For an industry concerned with building the future, the actual process of raising money from venture capitalists is surprisingly outdated. Investors spend most of their day finding and working with portfolio companies on the bleeding edge. But once they’ve decided to invest and a term sheet is signed, after everyone finishes the high-fives, the lengthy process of actually closing the deal just begins. From there, it can be more than a month before the documents are signed and the money is in the bank, and founders are often left wondering what the legal teams are doing during that time, why it costs so much, and why it takes so long.
It doesn’t have to be this way
The truth is, if all of the people involved in a financing were locked in a room, and gave their full attention to closing the deal, you could have it done in one day.
The documents are drafted from standard forms and there is only so much variation required for the nuances of any specific deal. The negotiations are mostly well worn topics that can be quickly resolved by reasonable parties. And there are few, if any, diligence questions that can not be discussed and addressed in that time frame once materials have been gathered and reviewed.
But over the course of hundreds of venture financings, working across every major law firm and many of the best investors in the world, I have never seen a single financing done this way. The process is important, and the legal issues can’t just be ignored or dismissed. But we need new tools to work through those issues and handle the mechanical operation of running a financing more efficiently. This is our mission at Dealkit - we’re going to make venture deals better for everyone, from term sheet to closing.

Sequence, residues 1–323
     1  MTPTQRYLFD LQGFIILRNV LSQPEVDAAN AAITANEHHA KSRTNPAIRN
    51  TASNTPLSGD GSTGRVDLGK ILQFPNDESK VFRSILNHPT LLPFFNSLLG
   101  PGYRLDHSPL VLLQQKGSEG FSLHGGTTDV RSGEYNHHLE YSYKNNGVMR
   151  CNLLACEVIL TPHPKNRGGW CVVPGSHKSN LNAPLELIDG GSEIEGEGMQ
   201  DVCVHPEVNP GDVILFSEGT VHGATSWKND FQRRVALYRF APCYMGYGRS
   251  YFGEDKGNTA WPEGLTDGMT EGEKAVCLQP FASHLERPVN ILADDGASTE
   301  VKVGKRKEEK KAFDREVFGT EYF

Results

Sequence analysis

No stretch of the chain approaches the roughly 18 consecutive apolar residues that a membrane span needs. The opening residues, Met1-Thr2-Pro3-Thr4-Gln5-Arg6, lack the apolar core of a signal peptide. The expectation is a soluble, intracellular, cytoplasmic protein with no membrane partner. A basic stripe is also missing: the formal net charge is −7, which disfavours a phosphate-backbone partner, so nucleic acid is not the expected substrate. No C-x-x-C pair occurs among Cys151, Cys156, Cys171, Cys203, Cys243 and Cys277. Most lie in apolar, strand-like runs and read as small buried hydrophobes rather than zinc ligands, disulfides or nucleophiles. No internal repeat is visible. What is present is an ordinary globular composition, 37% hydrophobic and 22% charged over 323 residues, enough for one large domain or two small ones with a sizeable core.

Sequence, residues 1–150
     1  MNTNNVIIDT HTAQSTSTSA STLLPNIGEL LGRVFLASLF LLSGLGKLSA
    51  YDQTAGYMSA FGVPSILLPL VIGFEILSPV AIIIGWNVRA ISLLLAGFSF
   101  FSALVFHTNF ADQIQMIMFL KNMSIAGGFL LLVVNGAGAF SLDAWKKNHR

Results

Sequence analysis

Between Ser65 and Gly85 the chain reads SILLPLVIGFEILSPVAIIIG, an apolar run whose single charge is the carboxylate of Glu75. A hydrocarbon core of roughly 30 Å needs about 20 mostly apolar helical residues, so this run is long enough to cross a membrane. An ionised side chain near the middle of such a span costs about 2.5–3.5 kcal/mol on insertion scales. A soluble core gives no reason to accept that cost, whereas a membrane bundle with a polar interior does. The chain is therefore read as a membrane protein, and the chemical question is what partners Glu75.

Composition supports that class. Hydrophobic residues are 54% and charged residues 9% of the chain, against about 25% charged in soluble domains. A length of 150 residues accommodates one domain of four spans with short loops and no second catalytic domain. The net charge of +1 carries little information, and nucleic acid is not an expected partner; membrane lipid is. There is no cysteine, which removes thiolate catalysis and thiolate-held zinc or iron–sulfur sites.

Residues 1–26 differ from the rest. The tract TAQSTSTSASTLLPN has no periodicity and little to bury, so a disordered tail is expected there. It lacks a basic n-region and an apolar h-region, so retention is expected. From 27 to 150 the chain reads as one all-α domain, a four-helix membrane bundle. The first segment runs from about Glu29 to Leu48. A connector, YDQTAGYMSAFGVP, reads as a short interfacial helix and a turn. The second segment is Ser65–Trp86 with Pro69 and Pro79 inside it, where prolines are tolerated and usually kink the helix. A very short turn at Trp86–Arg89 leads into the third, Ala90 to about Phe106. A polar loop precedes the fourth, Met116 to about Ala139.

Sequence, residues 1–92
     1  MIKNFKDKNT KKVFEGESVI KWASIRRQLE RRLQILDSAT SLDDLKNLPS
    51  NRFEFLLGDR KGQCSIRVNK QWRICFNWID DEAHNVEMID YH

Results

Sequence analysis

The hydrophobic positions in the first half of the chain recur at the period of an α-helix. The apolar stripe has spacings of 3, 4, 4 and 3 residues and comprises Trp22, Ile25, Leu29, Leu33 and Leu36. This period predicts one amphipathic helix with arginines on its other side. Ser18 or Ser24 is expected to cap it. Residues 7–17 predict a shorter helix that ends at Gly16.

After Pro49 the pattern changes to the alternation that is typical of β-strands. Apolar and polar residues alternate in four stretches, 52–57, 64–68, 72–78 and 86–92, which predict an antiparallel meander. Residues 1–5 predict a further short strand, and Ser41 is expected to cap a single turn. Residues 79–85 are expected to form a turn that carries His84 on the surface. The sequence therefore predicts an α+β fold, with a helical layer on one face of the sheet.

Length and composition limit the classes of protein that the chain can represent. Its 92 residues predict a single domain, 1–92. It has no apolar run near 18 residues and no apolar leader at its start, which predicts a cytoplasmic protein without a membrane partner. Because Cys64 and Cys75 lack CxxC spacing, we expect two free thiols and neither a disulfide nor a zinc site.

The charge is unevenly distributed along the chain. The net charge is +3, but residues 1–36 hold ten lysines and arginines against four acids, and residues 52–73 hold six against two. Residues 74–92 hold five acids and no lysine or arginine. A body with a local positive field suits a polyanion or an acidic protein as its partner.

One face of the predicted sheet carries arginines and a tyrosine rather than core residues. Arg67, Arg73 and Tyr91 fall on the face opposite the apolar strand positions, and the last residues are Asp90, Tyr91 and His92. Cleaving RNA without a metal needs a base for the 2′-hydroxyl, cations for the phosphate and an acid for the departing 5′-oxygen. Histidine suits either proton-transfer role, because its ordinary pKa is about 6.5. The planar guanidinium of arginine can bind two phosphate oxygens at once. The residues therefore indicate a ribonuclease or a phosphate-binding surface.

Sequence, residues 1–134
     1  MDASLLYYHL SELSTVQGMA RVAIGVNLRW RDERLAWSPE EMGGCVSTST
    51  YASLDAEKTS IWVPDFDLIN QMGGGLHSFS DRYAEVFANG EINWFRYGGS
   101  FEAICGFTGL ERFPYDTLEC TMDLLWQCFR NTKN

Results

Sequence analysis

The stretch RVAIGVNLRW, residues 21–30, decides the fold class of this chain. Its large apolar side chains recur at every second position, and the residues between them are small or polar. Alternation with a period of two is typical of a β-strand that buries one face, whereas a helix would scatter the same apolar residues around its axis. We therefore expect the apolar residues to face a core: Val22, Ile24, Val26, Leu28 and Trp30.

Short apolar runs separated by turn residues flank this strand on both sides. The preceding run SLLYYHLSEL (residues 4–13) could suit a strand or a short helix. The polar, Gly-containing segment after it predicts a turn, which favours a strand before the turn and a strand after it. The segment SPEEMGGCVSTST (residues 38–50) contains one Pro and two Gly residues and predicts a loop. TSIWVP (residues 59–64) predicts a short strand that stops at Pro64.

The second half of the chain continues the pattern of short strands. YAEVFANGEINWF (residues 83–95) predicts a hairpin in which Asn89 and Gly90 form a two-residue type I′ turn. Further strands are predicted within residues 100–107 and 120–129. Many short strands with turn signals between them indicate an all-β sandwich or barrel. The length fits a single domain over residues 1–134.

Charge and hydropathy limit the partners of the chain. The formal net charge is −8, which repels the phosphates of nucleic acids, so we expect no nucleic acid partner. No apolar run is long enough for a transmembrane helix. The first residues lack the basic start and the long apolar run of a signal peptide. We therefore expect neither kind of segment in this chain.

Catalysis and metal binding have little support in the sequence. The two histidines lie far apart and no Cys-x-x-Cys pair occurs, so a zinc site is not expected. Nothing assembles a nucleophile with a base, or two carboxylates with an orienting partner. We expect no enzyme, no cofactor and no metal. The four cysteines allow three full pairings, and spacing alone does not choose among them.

How it works today
Today, once you’ve signed a term sheet, you are typically about four or five weeks away from closing. Four if everyone is working diligently and moving quickly. If you’re able to push the process down to three weeks, you’ve done very well. But what’s going on during that time? For a founder, there is not a lot of visibility because the process is mostly handled by the lawyers, and this can be a real point of frustration.
There are several work streams running simultaneously. After an initial kick-off call, counsel for the startup will begin drafting the definitive financing documents based on the term sheet. For a typical equity financing they’re almost universally done using the forms published by the National Venture Capital Association, and add up to around 150-200 pages of contracts. Once ready, they’ll share the drafts with counsel for the investors, and there will be some back and forth - at least one or two rounds of edits, each with several days of waiting in between. These are traded as MS Word documents via email, and stored in each lawyer’s separate document management system. To show changes, lawyers run PDF redline comparisons, saving comparisons locally and sending them via email. Opposite counsel either duplicates the effort to run their own comparisons or else trusts that the other side has acted ethically and sent accurate comparisons. There is no reliable version control or source of truth between the parties.